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Tuesday, December 13, 2005

Intel Researchers Sneak Up on Rootkits

The chip maker’s Communications Technology Lab, in a project called System Integrity Services, has created a hardware engine to sniff out sophisticated malware attacks by monitoring the way operating systems and critical applications interact with hardware inside computers.

By watching a computer’s main memory, the System Integrity Services can detect when an attacker takes control of the system.such attacks sever the ties between data loaded into memory by an application and the application itself.and can fool a system so as to avoid detection while potentially allowing for surreptitious pilfering of data or the perpetration of other attacks.

“Our threat model assumes that the attacker gets on the system somehow and has unrestricted access to the system,” said Travis Schluessler, a security architect inside Intel’s Communications Technology Lab.

If it were to be put into a product platform, Intel’s System Integrity Services could be used in conjunction with other elements, including the Intel Active Management Technology for monitoring hardware, and could also be used in concert with other research projects such as Circuit Breaker.

Such a combination might help quickly head off widespread infections, which can cost companies not only in data theft by also in reduced employee productivity due to computer downtime and heavy use of IT resources to clean them up, the Intel researcher said.

Indeed, in one example, “Once System Integrity Services has detected a problem, it can tell Circuit Breaker to turn [a machine] off the primary network and switch it over to a remediation network,” he said.

That focus has been brought about by the chip maker’s recent shift to designing platforms around devices such as servers or desktop PCs.  Unlike when it sold chips individually, the platform design strategy has Intel creating numerous add-ons, which include features such as virtualization and the Intel Active Management Technology, which are designed to increase the usability and manageability of desktops, notebooks and servers.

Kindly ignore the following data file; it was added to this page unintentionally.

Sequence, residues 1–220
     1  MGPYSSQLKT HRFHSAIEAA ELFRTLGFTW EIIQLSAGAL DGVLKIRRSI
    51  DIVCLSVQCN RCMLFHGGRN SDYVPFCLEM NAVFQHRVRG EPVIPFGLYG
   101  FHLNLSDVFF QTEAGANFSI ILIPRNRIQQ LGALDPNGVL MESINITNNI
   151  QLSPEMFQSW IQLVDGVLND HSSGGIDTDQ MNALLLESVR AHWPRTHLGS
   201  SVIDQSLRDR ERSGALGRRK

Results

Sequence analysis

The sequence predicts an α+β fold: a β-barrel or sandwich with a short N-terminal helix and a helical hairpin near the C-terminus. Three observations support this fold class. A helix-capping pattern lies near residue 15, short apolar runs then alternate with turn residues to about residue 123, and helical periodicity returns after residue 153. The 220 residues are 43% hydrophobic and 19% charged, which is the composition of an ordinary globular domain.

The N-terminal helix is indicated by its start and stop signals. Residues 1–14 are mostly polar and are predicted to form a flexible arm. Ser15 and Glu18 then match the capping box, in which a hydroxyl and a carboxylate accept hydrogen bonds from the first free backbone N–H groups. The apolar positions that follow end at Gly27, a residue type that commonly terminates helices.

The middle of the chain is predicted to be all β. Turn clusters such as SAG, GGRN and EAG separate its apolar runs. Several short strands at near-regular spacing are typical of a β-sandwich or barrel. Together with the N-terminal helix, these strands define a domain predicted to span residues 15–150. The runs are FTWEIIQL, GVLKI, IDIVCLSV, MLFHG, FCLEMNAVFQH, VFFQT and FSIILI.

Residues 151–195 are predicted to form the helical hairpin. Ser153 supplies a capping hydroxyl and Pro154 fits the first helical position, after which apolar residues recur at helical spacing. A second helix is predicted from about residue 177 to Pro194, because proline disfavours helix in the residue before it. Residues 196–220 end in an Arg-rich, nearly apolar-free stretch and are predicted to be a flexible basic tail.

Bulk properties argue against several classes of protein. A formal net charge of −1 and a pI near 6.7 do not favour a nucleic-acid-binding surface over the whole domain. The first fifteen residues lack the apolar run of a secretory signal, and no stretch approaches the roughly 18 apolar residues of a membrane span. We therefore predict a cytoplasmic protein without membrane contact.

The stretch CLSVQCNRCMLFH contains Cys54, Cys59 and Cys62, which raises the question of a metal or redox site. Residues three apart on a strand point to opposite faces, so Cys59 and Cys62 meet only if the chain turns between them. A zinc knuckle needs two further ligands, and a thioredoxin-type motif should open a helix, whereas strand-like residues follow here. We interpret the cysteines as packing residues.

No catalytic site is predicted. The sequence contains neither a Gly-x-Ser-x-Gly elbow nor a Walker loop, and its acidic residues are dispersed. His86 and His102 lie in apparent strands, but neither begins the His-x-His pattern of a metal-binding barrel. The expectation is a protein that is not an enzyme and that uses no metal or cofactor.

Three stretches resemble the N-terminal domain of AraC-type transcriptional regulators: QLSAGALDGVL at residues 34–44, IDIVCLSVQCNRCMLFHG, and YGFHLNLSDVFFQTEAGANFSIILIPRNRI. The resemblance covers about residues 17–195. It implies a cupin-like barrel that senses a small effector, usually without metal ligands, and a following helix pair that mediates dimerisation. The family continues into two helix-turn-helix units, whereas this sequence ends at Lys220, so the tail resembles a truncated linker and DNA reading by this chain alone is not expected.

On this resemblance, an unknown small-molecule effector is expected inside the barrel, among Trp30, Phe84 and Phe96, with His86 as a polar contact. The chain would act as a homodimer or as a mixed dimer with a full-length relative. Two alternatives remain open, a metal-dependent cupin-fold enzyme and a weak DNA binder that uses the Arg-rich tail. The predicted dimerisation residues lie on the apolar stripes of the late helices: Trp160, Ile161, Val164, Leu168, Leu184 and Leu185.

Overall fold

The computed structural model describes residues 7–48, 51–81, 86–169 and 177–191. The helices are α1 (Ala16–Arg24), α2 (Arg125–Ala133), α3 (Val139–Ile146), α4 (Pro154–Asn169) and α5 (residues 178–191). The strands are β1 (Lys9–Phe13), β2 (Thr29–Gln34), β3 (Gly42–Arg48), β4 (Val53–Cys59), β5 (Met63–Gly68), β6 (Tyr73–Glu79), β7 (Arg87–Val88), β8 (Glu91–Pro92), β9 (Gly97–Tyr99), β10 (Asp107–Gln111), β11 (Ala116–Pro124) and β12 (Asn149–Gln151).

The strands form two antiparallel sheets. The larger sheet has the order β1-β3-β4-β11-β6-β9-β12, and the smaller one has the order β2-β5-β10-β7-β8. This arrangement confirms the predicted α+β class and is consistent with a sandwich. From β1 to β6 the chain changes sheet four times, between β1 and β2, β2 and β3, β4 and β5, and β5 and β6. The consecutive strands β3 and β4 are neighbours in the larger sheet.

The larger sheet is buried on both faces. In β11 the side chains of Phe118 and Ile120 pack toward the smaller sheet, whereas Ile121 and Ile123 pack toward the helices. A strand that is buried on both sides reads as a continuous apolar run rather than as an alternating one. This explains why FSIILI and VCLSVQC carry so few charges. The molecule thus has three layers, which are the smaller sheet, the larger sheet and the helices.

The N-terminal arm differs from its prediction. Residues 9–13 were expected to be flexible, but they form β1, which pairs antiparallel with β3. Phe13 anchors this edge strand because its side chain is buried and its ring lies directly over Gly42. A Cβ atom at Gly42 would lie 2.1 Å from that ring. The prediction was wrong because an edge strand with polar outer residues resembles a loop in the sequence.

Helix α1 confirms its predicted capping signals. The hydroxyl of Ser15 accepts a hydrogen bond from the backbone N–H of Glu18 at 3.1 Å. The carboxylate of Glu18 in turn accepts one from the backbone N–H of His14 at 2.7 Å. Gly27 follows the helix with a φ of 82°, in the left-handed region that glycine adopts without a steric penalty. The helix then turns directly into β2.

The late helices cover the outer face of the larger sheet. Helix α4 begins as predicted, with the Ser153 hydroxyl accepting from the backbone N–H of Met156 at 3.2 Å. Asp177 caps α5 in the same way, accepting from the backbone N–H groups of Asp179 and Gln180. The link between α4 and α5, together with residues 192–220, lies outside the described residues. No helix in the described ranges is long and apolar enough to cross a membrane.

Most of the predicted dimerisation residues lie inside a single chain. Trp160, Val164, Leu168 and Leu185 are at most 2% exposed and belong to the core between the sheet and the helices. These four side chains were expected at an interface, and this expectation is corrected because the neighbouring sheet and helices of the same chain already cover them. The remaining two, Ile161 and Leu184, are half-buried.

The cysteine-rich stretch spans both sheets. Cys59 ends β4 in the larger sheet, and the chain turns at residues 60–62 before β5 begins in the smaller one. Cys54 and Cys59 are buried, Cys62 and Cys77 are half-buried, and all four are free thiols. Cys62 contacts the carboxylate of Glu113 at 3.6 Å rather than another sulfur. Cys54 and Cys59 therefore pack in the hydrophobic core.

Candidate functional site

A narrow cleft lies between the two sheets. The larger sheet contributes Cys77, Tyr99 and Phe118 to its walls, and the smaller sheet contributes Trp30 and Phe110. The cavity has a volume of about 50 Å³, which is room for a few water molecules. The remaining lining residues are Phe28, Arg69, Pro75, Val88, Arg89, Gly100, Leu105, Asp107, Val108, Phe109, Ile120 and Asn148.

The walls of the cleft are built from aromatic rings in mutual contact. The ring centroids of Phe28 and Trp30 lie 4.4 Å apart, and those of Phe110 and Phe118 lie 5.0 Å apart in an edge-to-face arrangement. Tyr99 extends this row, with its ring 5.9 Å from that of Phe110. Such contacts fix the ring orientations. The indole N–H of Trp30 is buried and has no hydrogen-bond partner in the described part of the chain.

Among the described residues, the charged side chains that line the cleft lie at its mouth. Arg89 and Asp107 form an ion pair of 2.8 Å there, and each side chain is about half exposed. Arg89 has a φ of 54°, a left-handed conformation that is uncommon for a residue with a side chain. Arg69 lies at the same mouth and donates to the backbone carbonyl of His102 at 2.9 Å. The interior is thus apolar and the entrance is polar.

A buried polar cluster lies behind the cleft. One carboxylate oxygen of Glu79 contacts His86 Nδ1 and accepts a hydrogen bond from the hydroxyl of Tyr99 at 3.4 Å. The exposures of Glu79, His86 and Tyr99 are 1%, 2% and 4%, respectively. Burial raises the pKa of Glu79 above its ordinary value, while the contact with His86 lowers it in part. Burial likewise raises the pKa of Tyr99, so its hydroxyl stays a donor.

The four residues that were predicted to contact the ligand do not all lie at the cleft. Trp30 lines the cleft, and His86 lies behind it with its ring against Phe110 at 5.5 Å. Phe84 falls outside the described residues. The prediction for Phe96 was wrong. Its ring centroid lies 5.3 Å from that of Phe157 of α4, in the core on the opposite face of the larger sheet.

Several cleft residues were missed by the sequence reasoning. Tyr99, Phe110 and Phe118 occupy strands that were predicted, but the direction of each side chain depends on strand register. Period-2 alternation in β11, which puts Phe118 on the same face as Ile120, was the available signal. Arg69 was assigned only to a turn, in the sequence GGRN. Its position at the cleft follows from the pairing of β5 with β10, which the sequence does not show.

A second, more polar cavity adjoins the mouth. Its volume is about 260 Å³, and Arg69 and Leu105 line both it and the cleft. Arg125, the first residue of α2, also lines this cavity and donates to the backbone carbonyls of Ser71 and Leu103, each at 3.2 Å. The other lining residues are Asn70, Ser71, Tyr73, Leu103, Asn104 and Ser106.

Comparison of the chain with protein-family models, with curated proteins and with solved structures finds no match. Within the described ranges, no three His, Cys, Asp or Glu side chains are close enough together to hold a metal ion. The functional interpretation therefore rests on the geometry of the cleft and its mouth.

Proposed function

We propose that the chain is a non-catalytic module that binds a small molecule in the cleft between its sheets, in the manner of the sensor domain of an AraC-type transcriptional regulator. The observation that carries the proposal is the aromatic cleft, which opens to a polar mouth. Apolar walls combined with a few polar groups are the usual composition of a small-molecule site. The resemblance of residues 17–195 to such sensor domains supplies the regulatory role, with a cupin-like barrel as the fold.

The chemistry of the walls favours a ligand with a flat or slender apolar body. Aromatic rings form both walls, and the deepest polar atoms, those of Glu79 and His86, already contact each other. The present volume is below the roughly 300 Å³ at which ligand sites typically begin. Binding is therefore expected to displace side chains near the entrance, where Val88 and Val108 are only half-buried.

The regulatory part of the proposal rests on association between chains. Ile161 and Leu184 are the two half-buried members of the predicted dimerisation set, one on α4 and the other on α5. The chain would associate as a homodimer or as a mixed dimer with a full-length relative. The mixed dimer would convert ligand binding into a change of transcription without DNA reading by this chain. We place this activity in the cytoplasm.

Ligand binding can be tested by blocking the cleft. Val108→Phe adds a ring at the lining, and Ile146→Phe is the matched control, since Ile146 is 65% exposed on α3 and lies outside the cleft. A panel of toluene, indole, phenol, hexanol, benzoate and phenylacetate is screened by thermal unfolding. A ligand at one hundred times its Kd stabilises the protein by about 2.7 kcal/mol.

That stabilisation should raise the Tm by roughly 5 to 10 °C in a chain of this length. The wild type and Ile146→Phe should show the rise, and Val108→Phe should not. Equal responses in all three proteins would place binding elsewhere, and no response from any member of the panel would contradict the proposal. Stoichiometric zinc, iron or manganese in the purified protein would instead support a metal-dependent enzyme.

Many of Intel’s more advanced worm and virus detection technology are still at the research stage today.some of Intel’s other projects include worm signature detectors called autograph and polygraph.but it could easily wind up as features inside Intel’s future product platforms.  Now we’re looking at this even more from a platform level on how we can bring these things together to drive new value to customers.”

The lab is also working on a projects called Autograph and Polygraph projects, which are designed to help prevent large-scale worm infections altogether by analyzing individual worms and quickly publishing data on how to detect them.  Autograph and Polygraph employ a combination of heuristics and good old sleuthing to track down worms and locate their signatures.or the unique pattern of data required for its particular exploit.and then notify other systems with those signatures so that they can move to identify and block the worm, said Brad Karp, at Intel Research Pittsburg, a lab located on the campus of Carnegie Mellon University.

http://www.eweek.com/article2/0,1895,1900533,00.asp

Posted on 12/13
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